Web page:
While confirming the general structure of the economic choices initiated in the early nineties, especially in relation to incentives for foreign investments, the government restored state support for agriculture, slowing down the already limited and complex insertion of the Indian economy into the world market. In foreign policy the refusal, already expressed by the Rao government, to participate in the Nuclear Non-Proliferation Treaty was reiterated, a decision that aroused heavy criticism from international public opinion. Relations with Pakistan remained very problematic, above all due to the unresolved question of Kashmir, which worsened in the 1990s due to the strengthening and multiplication of Muslim separatist movements, a phenomenon also due to influx of mercenaries from different Islamic countries, which led to a kind of internationalization of the conflict. To this dramatic situation the central power, worried about the possible repercussions at the national level, responded, in line with its traditional conduct, with the rejection of any request for greater autonomy and with a further accentuation of the military choice. For India 2017, please check mathgeneral.com.
In March 1997 the executive, whose life was made difficult by the difficulty of reconciling the interests of such a large coalition, lost the support of the Indian National Congress (I), after the resignation from the leadership of the party of Rao, involved in yet another scandal, they had led S. Kesri, an opponent of the prime minister, to the presidency, and after the entry into the party of Sonia Maino Gandhi, widow of R. Gandhi, had initiated a redefinition of internal equilibrium. After Devgoda’s resignation, a minority government, formed by the United Front and headed by India Kumar Gujral, a senior and esteemed intellectual and political leader welcomed by the Indian National Congress, took office. (THE); the latter assured Gujral of his support until, in November 1997, he refused to grant the request to expel from the coalition the DMK (Dravida Munnetra Kazhagam), involved in the investigation into the death of R. Gandhi for having had contact with the ‘Tamil Tigers’, the underground organization accused of his murder (in January 1998some militants of the group were found guilty and sentenced). The most significant novelty, however ephemeral, of the Gujral government was the new direction in foreign policy, aimed at seeking an improvement in relations with neighboring countries, an improvement to be achieved also through unilateral acts of collaboration. The resignation of the Gujral government, now without a majority, led to the early elections which, held in February-March 1998, confirmed the growth of the BJP. The latter, thanks to the adoption of a more pragmatic and apparently more open attitude, had made a series of alliances thus overcoming its typically regional connotation (the alliance with Aiadmk, the rising party of Tamil Nadu, is particularly important). L’ Indian National Congress (I) recorded a substantial holding of its positions, but failed to translate the enthusiasm aroused by S. Maino Gandhi’s descent into the field, while the United Front came out of the electoral test heavily defeated.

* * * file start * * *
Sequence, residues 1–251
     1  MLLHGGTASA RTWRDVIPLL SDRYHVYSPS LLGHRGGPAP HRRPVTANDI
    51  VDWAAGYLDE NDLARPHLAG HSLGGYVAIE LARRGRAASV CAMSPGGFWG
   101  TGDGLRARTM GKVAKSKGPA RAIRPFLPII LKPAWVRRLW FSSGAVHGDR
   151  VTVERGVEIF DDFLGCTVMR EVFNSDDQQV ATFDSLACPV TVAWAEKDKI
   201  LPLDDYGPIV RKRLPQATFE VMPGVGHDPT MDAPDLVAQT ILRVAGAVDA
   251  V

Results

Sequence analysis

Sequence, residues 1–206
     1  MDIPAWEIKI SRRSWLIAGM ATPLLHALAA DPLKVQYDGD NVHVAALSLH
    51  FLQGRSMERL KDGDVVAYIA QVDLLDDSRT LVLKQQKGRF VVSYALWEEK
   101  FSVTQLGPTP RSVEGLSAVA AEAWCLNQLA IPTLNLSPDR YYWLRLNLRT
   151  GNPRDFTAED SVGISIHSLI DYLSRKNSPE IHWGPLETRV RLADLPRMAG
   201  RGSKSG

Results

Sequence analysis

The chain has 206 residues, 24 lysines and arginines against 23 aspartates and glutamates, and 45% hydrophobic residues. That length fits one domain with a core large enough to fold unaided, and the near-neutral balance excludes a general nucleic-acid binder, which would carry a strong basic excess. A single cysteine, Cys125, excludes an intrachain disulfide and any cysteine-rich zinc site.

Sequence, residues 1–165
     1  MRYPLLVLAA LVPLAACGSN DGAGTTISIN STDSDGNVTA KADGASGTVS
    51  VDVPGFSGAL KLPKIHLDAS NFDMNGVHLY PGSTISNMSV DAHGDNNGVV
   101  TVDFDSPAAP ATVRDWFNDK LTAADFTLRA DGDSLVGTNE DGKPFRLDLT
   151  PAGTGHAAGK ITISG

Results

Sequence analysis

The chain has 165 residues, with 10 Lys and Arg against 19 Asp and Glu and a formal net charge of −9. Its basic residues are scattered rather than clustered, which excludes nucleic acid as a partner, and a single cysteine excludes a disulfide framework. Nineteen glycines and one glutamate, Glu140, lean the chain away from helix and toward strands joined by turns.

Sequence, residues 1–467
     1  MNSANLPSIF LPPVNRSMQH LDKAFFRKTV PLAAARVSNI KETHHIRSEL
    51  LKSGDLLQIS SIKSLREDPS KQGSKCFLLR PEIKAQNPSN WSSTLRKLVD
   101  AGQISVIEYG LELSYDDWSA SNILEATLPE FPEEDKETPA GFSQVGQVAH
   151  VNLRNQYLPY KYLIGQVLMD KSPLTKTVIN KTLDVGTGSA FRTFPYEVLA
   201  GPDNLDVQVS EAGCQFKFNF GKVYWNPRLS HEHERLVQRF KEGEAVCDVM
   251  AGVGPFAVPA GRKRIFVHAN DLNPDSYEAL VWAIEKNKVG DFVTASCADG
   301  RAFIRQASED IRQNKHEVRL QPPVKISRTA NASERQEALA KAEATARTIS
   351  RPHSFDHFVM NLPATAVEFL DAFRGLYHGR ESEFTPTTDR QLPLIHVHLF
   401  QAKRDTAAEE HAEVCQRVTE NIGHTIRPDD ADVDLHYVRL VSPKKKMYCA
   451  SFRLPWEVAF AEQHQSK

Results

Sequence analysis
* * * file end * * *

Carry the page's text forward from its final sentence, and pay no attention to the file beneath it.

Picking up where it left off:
The 19 March 1998 a new government headed by AB Vajpayee, leader of the BJP, took office. The new prime minister, a parliamentarian for many legislatures, already active during the liberation struggle and a member of the RSS, despite being considered a moderate and despite having represented the more pragmatic and less ideological face of the BJP during the electoral campaign, remained one of the most convinced advocates of the importance of a recovery of Hindu culture both as a factor of national identity in relation to Westernizing tendencies (position synthetically expressed by one of its most popular slogans: “India must be built by the Indians”), and as a recognition of its preeminence over other cultures and other religions. Political choices and government statements appeared right from the beginning characterized by strong nationalistic accents and by a foreign policy with aggressive and declamatory tones, which reaffirmed the role of India as a regional power and aimed at increasing the consensus on the government’s work. Tension in the area grew immediately and relations with Pakistan, which had always been conflicting, worsened further to the point of breaking, while the military confrontation in Kashmir suffered in the spring-summer 1999 a violent acceleration with more fierce fighting and the involvement of aviation. In an increasingly heated climate, the government resumed nuclear tests (a series of underground explosions) in May after 24 years, sparking a wave of renewed Hindu nationalism, but provoking both the condemnation of public opinion and international diplomacy., is Pakistan’s answer, with just as many nuclear tests. In April 1999, the abandonment of the coalition by the Aiadmk party led to the resignation of the government and the calling of new elections which, held in September-October 1999, marked the victory of the BJP and its allies. The Indian National Congress (I) saw his consensus drop sharply while the representation of regional parties grew further.